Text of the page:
US 5240696 A
The present invention relates to the prevention of periodontitis by the use of a medicament which contains Triclosan. It has been found that Triclosan has a considerable anti-cyclo-oxygenase activity, thus inhibiting the formation of prostaglandins which are mediators of the loss of alveolar bone in the periodontium. Reducing the formation of said prostaglandins therefore reduces said loss of alveolar bone, which is one of the symptoms connected with periodontitis.
The medicament is preferably in the form of a toothpaste.
1. A method for reducing alveolar bone loss leading to a loosening of the teeth and ultimately to the loss of the teeth by administering to the oral cavity of a subject afflicted with alveolar bone loss a composition containing an effective amount of a cyclo-oxygenase inhibitor, wherein the cyclo-oxygenase inhibitor is 2',4,4'-tricholoro-2-hydroxy-diphenylether.
2. The method of claim 1, wherein the composition further comprises an effective antibacterial amount of zinc citrate.
3. The method of claim 1, wherein the composition is in the form of a dentrifice.
The present invention relates to the prevention, inhibition and/or reduction of periodontitis by the use of a medicament that comprises Triclosan (=2',4,4'-trichloro-2-hydroxy-diphenyl-ether).
Periodontitis is a general term describing specific diseases affecting the gingiva and the supporting connective tissue and alveolar bone which anchor the teeth in the jaws. Periodontitis causes loss of connective tissue, resorption of alveolar bone and formation of periodontal pockets, and may lead to a loosening of the teeth, and ultimately to the loss of teeth.
Periodontal disease is mainly caused by specific anaerobic bacteria in the periodontal pockets. The destruction of the periodontal tissue is primarily caused by the indirect effects mediated by the host's reaction to the bacteria. Bacterial metabolites induce leucocyte chemotaxis which results in the inflammatory cells accumulating at the site of the bacterial challenge. Furthermore, bacterial metabolites induce the production of inflammatory mediators by leucocytic cells, in particular monocytes. Amongst these are local disease mediators such as metabolites of arachidonic acid, e.g. leukotrienes, prostaglandins and thromboxanes. Additionally, the loss of alveolar bone may be directly induced by pathogenic metabolites of bacteria, in particular proteolyte enzymes. Prostaglandins have been found to be particularly important in the metabolism and destruction of tissue and alveolar bone. Indeed, the production of prostaglandins in the periodontal tissues has been found to be an important mediator of the loss of alveolar bone in the periodontium; patients with periodontal breakdown show an elevated prostaglandin E2 level both in the gingival tissue as well as in the crevicular fluid. Prostaglandins and thromboxanes are formed from arachidonic acid by an enzyme cascade, the first step of which is the cyclo-oxygenation by an enzyme called cyclo-oxygenase. Inhibiting the cyclo-oxygenase would inhibit the formation of prostaglandins and thus reduce alveolar bone loss, and indeed certain cyclo-oxygenase inhibitors, particularly non steroidal anti-inflammatory drugs such as indomethacin and flurbiprofen have been found to markedly reduce the resorption of alveolar bone.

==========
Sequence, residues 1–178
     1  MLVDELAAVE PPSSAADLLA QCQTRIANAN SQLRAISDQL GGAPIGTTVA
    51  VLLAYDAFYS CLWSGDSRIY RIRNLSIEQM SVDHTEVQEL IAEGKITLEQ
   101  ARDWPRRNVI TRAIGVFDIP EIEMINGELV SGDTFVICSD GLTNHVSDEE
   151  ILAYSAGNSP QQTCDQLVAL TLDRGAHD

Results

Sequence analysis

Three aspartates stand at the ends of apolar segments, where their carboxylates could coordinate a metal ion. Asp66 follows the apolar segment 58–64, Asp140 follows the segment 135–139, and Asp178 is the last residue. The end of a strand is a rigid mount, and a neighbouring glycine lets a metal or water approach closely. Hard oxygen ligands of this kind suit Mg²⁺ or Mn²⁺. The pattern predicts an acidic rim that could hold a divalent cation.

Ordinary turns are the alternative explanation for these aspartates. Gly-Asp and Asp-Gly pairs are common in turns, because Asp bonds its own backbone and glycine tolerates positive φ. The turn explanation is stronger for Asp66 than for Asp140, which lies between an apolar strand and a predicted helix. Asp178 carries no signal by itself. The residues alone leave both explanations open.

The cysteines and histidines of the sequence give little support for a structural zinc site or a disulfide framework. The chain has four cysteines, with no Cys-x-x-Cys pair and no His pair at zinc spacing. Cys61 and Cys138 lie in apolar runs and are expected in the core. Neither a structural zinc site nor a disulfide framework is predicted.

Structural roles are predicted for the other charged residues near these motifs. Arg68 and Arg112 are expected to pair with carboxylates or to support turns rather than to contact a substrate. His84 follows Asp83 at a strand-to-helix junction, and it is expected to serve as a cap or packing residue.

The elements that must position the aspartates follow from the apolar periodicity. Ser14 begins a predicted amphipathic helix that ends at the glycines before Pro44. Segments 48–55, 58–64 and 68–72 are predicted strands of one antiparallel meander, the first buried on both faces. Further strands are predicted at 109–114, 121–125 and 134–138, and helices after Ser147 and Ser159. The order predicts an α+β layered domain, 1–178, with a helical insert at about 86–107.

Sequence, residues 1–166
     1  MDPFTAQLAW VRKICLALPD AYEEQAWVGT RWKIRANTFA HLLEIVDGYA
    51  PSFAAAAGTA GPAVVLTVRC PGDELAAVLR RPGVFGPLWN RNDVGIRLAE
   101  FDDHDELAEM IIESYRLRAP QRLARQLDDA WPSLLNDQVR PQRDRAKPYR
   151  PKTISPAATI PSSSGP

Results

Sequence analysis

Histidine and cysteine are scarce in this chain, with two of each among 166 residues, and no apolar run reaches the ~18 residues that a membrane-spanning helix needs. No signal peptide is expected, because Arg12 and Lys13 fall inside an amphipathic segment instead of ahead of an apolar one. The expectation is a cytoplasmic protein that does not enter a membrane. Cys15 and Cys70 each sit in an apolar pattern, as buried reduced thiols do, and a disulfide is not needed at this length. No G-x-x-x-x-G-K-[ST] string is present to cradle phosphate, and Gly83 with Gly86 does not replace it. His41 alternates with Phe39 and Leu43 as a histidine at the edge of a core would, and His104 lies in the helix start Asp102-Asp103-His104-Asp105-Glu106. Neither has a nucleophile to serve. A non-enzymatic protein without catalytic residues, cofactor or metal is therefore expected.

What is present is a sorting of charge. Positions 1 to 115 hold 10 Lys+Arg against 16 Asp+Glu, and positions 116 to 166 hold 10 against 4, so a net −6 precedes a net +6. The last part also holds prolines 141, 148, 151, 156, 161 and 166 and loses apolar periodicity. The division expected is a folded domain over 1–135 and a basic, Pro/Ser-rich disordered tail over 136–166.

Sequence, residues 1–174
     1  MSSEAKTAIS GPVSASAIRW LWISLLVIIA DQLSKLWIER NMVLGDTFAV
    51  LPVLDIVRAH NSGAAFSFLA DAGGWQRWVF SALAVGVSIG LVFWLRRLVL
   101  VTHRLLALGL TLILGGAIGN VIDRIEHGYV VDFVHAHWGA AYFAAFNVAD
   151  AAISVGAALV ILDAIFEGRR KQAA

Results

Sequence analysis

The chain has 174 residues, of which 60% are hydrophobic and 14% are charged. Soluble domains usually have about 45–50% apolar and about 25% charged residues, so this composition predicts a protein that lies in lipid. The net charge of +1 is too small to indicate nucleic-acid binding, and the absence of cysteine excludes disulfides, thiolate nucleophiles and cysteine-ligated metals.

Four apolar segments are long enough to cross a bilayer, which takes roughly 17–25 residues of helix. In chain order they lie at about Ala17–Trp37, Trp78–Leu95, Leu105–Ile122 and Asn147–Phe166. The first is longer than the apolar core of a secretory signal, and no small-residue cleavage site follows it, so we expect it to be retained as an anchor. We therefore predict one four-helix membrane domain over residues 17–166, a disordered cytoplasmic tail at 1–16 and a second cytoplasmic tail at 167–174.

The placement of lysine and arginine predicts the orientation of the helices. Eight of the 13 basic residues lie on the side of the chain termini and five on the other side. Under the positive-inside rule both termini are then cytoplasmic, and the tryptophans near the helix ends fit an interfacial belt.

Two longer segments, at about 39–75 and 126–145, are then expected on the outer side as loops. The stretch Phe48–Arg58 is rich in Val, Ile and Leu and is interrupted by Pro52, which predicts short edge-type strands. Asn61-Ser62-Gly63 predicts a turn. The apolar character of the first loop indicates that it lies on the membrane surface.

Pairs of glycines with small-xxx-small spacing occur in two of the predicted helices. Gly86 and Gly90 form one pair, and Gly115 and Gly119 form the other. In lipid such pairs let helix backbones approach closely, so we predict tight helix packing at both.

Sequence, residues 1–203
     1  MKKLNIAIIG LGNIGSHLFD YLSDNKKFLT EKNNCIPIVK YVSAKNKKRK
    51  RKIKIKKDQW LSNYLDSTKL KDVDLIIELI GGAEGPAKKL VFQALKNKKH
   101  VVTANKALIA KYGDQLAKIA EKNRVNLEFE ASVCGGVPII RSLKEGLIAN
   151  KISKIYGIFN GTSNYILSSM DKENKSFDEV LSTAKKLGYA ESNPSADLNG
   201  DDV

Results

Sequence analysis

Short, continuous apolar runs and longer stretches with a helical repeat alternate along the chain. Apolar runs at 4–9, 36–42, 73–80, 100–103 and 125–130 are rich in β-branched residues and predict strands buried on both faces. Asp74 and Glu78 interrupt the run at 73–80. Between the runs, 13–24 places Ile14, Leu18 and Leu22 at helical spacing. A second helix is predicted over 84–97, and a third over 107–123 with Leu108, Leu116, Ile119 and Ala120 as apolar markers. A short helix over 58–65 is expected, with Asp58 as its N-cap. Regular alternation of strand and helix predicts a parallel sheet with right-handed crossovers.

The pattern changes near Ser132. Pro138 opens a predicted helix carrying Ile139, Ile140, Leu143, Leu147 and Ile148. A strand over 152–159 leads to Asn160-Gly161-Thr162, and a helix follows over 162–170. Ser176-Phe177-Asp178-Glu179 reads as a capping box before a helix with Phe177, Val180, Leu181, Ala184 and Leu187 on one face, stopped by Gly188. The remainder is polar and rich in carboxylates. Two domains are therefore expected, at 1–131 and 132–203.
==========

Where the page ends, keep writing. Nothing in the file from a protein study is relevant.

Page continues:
We have now found that Triclosan has a considerable anti-cyclo-oxygenase activity, thus significantly inhibiting the formation of prostaglandins. Inhibiting the biosynthesis of the prostaglandins locally would thereby significantly inhibit or prevent alveolar bone resorption. Triclosan has been shown to be retained by gingival tissue both in vitro and in vivo following topical application.
In this respect, it is observed that in the prior art it has been suggested to treat periodontal diseases with a combination of a non steroidal anti-inflammatory drug and an antimicrobial agent, e.g. the combination of aspirin, indomethacin or phenylbutazone with an antibacterial quaternary ammonium compound, such as cetylpyridinium chloride or a bis-biguanide compound such as chlorhexidine digluconate (GB 1,489,672).
Similar combinations are disclosed in GB 1,550,139, wherein the non steroidal anti-inflammatory agent can be selected from various classes of such agents, including indomethacin, ibuprofen, diclofenac and so on.
In U.S. Pat. No. 4,742,083 it has been disclosed that certain substituted salicylamides demonstrate an anti-inflammatory and an antimicrobial action. These salicylamides have previously been proposed for inclusion in oral compositions as anti-plaque agents (U.S. Pat. No. 4,287,191 and U.S. Pat. No. 4,358,443). However, Triclosan has been found to be a much more potent anti-inflammatory agent than the preferred substituted salicylamides of these references (which are also stated to be prostaglandin synthetase inhibitors).
Consequently, the present invention relates to the use of Triclosan in the manufacture of a medicament for inhibiting prostaglandin-forming cyclo-oxygenase activity. More particularly, it relates to the use of Triclosan in the manufacture of a medicament for preventing or inhibiting alveolar bone resorption. It relates especially to the use of Triclosan as prostaglandin-forming cyclo-oxygenase inhibitor in the manufacture of a medicament for preventing or reducing periodontitis.